Definition of head cushion

Chiefly American: The cushion on the head rail. Compare bottom cushion; contrast foot cushion.

24 Random Essential Billiards Terms

Common slang in the US for a cheap, poorly made cue. Compare wood.
To take one's two-piece cue stick apart. When done before a game's conclusion, it often indicates that the game is conceded.
This is a table that offers poor conditions for play; it is either dirty, wet, or overall poor quality.
This is an instance when the person not taking their turn interferes with the game play, this is recorded as a foul.
Toward the head of the table. This is the playing area on the table above the middle pockets. The idea in an up table game is that shots are more difficult and further from the pockets in one pocket pool.
A joint type in which the butt and shaft screw together in a tight lock, resulting in a better shot with more hitting power.
British: Same as cling, and kick.
A short and loose stroke performed in a manner similar to the way one throws a dart; usually employed for a jump shot. See also nip draw.
Feel generally refers to that elusive quality that makes one cue feel special or superior to another. In essence, it is the cumulative effect of all of a cues characteristics, including weight, shaft diameter, balance, grip material, length, etc. It can vary greatly from one player to another. A cue that feels great to one player does not necessarily fell good to another.
Also dead ball shot. A shot intended to slow down or "kill" the cue ball's speed as much as possible after contact with an object ball; usually a shot with draw, often combined with inside english. It is often shortened to kill.
Used in snooker in reference to the position of the cue ball. It is above the object ball if it is off-straight on the baulk cushion side of the imaginary line for a straight pot (e.g. "he'll want to finish above the blue in order to go into the pink and reds"). It is also common to use the term high instead.
The way in which a player holds the butt end of the cue stick.
The wrap of the cuestick where the hand is placed, also known as the "grip area."
This is a term used in slang to reference the bridge tool.
This is a ball that is positioned near your pocket that can be used to kiss off of when sinking another object ball.
Also semi-massé shot. A moderate curve imparted to the path of the cue ball by an elevated hit with use of english (side); or a shot using this technique. Also known as a curve (US) or swerve (UK) shot. Compare massé.
In snooker, a phrase used to describe a situation where the player has an easy pot and in general the balls are in a position to go on to make a sizeable break.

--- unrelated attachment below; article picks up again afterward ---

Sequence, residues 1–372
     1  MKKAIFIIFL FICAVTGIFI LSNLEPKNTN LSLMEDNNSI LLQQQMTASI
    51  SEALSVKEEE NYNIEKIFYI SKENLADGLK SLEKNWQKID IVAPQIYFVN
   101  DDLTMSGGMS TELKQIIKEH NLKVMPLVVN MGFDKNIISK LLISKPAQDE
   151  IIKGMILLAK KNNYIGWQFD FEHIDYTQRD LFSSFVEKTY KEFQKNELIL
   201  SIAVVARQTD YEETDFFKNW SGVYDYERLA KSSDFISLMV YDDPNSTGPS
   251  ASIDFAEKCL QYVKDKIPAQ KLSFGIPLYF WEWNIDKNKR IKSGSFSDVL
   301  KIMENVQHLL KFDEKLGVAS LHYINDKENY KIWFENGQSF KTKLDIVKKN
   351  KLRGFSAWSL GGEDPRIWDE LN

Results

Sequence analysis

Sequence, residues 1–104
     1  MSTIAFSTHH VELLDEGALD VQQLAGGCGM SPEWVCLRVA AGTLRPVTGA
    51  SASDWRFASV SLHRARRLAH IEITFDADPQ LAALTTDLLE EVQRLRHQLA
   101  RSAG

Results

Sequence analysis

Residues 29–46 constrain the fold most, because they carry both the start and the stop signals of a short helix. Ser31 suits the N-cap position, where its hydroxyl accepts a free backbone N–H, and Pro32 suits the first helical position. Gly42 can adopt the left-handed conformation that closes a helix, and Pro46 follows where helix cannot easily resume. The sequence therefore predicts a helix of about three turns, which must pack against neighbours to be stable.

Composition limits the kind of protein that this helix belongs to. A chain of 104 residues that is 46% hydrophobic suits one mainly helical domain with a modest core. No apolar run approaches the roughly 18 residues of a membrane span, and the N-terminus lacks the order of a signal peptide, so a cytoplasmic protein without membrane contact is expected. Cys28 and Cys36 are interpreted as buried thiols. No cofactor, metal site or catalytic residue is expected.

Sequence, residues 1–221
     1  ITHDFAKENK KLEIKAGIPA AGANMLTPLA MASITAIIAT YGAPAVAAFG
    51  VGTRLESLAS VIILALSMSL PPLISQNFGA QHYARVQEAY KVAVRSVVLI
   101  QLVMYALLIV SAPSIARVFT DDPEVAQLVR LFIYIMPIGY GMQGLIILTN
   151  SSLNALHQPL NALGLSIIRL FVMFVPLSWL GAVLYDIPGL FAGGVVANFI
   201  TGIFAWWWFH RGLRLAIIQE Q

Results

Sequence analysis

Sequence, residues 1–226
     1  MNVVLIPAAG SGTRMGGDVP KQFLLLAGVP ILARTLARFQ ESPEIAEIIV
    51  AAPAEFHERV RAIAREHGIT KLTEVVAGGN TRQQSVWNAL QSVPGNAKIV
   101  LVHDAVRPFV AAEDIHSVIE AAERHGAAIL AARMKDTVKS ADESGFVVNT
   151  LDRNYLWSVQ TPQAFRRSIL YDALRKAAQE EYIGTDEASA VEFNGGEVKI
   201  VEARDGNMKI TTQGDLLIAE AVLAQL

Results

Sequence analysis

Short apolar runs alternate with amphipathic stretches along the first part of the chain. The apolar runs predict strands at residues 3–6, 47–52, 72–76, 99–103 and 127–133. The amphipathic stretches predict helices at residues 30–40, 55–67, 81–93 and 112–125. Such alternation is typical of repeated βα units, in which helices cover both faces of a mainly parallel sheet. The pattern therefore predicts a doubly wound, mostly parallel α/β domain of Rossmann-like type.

Any system for banking or kicking balls multiple rails which uses table diamonds as aiming references.
Usually a one-piece cue freely available for use by patrons in bars and pool halls.
Side spin on the cue ball that causes it to roll off a cushion (contacted at an angle) with rather than against the ball's natural momentum and direction of travel. If angling into a rail that is on the right, then running english would be left english, and vice versa. The angle of deflection will be wider than if no english were applied to the cue ball. But more importantly, because the ball is rolling instead of sliding against the rail, the angle will be more consistent. For this reason, running English is routinely used. Also called running side in British terminology. Contrast reverse english.
The United States Snooker Association (USSA) is the internationally recognized governing body of the sport of snooker in the United States. Founded in 1991 by the British-born Michael Collins, the USSA is a member of the International Billiards and Snooker Federation (IBSF), the world governing body of non-professional English billiards and snooker, and is affiliated with the American CueSports Alliance (ACS).
This technique works to keep your shot aligned by eyeing your shot above the table, and then locking your chin into position as you lower down to take your shot.
A tournament format in which each contestant plays each of the other contestants at least once. In typical league team play, round robin format means that each member of the home team plays each member of the visiting team once. This format is used by BCAPL, VNEA and many other leagues.
This is a shot where the cue ball follows directly behind the sunk object ball into the pocket right after it falls.
This is to watch a match with such intensity that there is worry, usually because of a wager on the game.